Results indicate the overall standard in terms of hygiene of food processing and the food chain. The microbial levels permitted for food to be determined safe are regulated by law. The study is carried out in three stages performed as three experiments. In the first experiment, aerobic plate count is done for E.coli count and coliform count on given food item (Roberts, D, 2003, Gilbert et al, 2000). It is evident that coliforms and E.coli are present in human faeces. Their presence in food items can indicate post processing contamination. The aerobic count is used to determine the overall level of microbial contamination of food items and provides an indication for poor processing or post processing techniques especially where the count exceed the legal permitted levels. In the second experiment pre-cooked food is observed for faecal contamination. In the third experiment the quality of milk samples (pasteurized and raw) are checked for the presence of fecal contamination.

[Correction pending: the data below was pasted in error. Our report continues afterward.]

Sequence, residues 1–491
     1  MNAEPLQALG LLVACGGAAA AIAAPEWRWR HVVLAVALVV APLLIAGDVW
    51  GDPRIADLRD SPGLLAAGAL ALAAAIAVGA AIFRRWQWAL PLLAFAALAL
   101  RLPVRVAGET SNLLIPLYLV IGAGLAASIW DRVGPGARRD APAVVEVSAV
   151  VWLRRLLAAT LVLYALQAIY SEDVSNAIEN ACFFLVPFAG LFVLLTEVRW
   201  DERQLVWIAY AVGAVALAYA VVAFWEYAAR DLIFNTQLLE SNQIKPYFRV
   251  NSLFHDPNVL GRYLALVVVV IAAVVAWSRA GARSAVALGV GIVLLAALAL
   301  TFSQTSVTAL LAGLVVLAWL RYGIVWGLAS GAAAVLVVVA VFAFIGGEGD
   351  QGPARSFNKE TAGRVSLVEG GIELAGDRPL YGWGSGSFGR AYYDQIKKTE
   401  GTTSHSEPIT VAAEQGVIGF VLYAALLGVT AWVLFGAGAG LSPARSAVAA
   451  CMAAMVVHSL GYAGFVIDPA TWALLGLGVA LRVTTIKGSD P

The Petri dish with colonies between 15 and 300 were selected to be significant in number whereas Petri plates with TMTC (too many to count) were not considered to be significant. Calculation is performed with the formula mentioned. Plates with dilution factor of 10-8 showed no growth and hence it is reported as < 20 CFU/g of food sample. The amount of sample plated is the volume of dilution pipette on the plate. Average value was chosen to get the exact value. For the dilution factor 10-4 CFU/g is 3 which is not normally expected.
The serial dilutions, or successive dilution of a specimen e.g. 1:10 dilution equals 1 ml of sample plus 9 ml of diluents, a 1:100 dilution equals 1 ml of a 1:10 dilution plus 9 ml of diluents. This is the process to enhance the probability of finding the most probable microorganism even at higher dilution. If the microorganism is present in the highest dilution then this is depicted when inoculated on the medium solidified on Petri